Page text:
Session 1: Oil demand: A very uneven recovery
The demand shock is special in many ways compared to previous shocks: in addition to its size and the speed at which global oil demand contracted, its impact has been highly uneven across geographies. How does When or whether oil demand will return to its pre-crisis level? Will demand growth go to a lower trajectory path? What are some of the implications of the differentiated impacts of the shock? What has been the impact on the various parts of the barrel? How is the refining sector coping?
Session 2: OPEC+ Dynamics During Covid-19
High OPEC+ compliance has been a key feature in 2020 and this will remain key throughout the entirety of the deal. Can OPEC+ maintain its cohesion? What are some of the key lessons from the current cycle? OPEC+ and US shale: What are the new dynamics between OPEC+ and shale? What would an exit strategy for OPEC+ look like? Could we see another shift in OPEC+ conduct?
Session 3: North America’s oil production: Already peaked?
After a sharp reduction at the start of the crisis, shut-in well in US shale and Canada returned sooner than expected but the US shale and Canadian oil sands still face financial constraints and rig activity remains low. Has US shale production peaked or will US shale surprise yet again? What does a Biden Administration mean for US shale? Will consolidation of the US shale accelerate? Can growth be achieved outside the Permian? Can US shale still achieve productivity gains? What is the outlook for Canadian production? Will Canadian production escape from the bottlenecks?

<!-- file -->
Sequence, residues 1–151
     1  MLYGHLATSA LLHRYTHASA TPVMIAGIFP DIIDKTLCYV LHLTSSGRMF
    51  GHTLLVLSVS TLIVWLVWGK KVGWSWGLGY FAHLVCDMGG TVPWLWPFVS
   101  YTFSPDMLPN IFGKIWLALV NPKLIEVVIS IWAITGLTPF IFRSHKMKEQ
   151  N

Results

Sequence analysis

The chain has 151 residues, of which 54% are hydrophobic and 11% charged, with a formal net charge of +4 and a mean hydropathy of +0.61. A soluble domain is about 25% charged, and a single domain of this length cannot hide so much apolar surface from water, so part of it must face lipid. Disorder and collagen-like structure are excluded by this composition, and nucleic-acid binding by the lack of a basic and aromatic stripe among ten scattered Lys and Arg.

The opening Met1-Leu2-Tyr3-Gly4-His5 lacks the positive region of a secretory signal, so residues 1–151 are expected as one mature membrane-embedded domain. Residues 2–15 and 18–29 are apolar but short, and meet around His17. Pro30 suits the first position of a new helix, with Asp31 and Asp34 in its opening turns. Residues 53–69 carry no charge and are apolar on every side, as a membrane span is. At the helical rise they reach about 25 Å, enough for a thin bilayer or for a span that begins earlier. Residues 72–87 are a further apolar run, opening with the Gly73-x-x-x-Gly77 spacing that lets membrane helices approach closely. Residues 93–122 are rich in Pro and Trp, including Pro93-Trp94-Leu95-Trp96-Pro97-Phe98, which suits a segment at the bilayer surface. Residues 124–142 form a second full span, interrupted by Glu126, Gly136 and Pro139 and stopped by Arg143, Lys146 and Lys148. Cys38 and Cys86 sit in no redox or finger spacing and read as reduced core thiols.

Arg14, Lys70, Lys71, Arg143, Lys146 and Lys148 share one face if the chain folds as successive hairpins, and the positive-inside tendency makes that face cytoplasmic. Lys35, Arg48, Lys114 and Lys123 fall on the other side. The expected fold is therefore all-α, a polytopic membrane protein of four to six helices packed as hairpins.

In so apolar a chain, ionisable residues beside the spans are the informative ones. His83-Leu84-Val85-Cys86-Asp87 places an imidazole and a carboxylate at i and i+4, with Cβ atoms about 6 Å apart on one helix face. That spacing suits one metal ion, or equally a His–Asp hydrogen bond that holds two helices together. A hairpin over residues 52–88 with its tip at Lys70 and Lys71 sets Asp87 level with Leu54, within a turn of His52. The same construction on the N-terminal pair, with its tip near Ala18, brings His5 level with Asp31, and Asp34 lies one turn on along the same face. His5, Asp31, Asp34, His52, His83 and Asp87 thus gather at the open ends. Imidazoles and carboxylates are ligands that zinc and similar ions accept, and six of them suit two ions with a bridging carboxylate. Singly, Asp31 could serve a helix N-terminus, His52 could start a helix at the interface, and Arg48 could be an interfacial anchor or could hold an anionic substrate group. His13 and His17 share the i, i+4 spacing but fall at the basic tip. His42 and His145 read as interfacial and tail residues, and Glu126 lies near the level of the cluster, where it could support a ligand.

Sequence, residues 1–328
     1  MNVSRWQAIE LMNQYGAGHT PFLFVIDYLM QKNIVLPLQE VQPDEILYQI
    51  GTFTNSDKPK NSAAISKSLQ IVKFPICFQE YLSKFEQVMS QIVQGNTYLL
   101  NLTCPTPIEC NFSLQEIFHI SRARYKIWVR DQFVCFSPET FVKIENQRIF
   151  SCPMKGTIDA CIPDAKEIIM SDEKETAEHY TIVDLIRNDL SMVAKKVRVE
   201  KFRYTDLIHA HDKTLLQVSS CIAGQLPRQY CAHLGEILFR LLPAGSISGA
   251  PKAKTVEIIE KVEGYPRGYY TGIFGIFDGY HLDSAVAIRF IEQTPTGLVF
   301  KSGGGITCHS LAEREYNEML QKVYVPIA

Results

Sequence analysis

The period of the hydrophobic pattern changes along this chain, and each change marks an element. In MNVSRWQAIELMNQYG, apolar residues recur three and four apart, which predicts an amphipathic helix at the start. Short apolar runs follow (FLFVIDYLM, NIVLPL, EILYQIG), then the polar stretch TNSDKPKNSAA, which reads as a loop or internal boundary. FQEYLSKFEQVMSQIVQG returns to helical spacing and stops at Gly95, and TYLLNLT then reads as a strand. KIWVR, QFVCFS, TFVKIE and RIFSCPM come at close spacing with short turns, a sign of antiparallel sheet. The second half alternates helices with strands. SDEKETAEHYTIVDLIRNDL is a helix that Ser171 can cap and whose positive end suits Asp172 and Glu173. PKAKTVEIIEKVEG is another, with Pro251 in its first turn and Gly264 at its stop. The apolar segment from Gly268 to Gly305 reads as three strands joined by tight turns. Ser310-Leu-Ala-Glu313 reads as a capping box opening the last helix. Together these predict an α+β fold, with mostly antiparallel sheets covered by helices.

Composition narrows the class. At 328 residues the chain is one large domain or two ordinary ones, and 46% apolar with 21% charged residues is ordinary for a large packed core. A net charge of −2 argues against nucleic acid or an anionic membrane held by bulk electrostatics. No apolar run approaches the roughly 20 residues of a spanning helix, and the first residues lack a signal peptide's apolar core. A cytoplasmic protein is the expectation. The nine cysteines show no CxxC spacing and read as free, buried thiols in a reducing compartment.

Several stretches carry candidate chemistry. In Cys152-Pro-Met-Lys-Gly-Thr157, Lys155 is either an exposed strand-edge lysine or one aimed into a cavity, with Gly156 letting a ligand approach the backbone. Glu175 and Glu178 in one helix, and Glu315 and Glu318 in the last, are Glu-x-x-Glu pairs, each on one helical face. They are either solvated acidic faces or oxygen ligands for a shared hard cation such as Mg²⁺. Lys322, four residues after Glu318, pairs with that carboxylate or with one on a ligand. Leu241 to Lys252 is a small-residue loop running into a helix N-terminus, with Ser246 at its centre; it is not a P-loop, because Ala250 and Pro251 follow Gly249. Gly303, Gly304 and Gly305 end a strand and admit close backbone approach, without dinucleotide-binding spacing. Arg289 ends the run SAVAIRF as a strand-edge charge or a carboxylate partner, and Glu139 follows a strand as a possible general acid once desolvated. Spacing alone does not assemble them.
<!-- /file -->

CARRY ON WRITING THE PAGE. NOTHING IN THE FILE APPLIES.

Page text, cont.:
Oil Day Webinar
What awaits oil markets in 2021-2022?
This presentations summarises some of the key questions that will be discussed at the Oxford Institute for Energy Studies’ Oil Day webinar, 'What awaits oil markets in 2021-2022?'
Latest Oil Programme Publication
Oil Market Recovery and the Balance of Risks
While the market is shifting its attention to OPEC+ dynamics and the return of Libyan and Iranian barrels, the reality remains that this is first and foremost a demand shock and ultimately the evolution of demand will be the key factor shaping oil market outcomes. This demand shock is special in many ways compared to previous shocks: in addition to its size and the speed at which global oil demand contracted, its impact has been highly uneven across geographies (Asia versus the rest of the world) and across fuels (jet fuel and distillate demand versus other parts of the barrel). This has created a challenge for refineries and their margins have been under severe pressure. The combination of OPEC+ cuts and the return of Libyan barrels have created unevenness in terms of crude quality, with light sweet crudes in abundant supply compared to heavy-medium and sour crudes. The size of the shock and the unevenness of its impacts imply a recovery process which is far from smooth.